When you write fiction full-time, you write in sessions and after each one you take a small break. The break is small, therefore, you have something like 30 – 60 minutes to see to a couple of your living needs. Cleaning, buying groceries, taking the dog for a walk, etc. There is always something that needs doing.

Within the time frame of the break you take, you might find yourself hungry. In most of those break sessions, you won’t have time to think about healthy food. You’ll just about grab anything to put in that stomach of yours just to stop the growling and get back to your writing. And foods like pizza and other takeaways will be your best friend.

Conclusion:

There are only five things I’ve pointed out in this post, but there are so many other things that I haven’t mentioned. As a child, I used to wonder what it would be like to be a novelist. To me, writing novels was far better than becoming an astronaut and going to the moon. Becoming a novelist was the coolest thing ever! But now, you know, sometimes I wouldn’t mind being that white-suited fella with the TV head sent up to space instead.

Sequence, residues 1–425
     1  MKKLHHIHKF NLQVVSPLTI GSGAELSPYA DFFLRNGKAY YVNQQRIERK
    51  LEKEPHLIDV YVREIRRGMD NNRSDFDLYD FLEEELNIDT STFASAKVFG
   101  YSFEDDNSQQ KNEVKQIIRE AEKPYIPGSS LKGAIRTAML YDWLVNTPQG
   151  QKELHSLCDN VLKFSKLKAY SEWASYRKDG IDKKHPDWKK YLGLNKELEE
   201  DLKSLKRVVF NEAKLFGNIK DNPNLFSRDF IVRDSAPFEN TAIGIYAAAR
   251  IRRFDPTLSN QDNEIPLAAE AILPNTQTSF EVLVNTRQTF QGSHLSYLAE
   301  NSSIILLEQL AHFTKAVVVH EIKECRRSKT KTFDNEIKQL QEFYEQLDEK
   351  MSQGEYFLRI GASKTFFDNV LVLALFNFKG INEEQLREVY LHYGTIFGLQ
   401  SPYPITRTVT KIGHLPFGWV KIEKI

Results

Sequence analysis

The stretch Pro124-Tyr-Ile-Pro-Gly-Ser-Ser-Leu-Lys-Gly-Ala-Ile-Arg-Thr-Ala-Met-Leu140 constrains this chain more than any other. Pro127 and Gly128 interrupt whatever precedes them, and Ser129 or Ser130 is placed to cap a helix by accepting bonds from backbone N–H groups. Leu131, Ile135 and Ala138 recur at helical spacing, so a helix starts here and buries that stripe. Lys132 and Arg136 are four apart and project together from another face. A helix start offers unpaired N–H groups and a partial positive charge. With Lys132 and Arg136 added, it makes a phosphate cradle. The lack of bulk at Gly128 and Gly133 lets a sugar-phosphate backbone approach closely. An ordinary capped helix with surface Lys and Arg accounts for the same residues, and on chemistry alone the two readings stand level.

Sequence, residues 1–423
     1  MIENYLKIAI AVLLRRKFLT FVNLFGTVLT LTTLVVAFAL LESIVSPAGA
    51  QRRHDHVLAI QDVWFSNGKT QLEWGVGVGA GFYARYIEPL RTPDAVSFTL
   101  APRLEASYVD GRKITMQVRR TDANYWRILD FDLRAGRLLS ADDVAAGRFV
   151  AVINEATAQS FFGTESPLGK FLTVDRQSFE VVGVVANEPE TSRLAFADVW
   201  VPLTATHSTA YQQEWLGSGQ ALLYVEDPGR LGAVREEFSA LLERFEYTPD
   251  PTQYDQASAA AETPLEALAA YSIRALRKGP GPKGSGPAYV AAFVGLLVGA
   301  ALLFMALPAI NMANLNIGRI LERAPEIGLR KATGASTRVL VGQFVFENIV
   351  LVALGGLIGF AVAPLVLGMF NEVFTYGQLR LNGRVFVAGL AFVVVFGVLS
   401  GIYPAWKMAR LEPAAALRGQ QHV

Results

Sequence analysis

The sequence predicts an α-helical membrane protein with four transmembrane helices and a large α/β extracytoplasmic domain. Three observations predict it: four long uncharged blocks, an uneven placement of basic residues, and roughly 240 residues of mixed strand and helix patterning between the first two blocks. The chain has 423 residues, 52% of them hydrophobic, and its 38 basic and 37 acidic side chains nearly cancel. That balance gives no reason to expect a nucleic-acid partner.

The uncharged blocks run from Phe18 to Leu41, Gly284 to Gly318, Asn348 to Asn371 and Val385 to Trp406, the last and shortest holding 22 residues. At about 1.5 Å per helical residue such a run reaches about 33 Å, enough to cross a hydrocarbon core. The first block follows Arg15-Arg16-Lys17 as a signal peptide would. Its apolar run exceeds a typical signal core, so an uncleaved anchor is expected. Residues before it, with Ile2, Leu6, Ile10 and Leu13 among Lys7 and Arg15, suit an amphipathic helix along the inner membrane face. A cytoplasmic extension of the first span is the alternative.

All images used found on Pixabay.

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8 thoughts on “5 Things You’ll Hate When You’re A Novelist

  1. Totally me, except for points four and five. Because I’m at home, I sometimes need to get up and walk around. My head is still in the manuscript, thinking, imagining a scene so what do I do? Mechanical s5uff. Wash the dishes, tidy up, do the garden. Since I became a writer, my house has never been cleaner, my garden has never been primmer!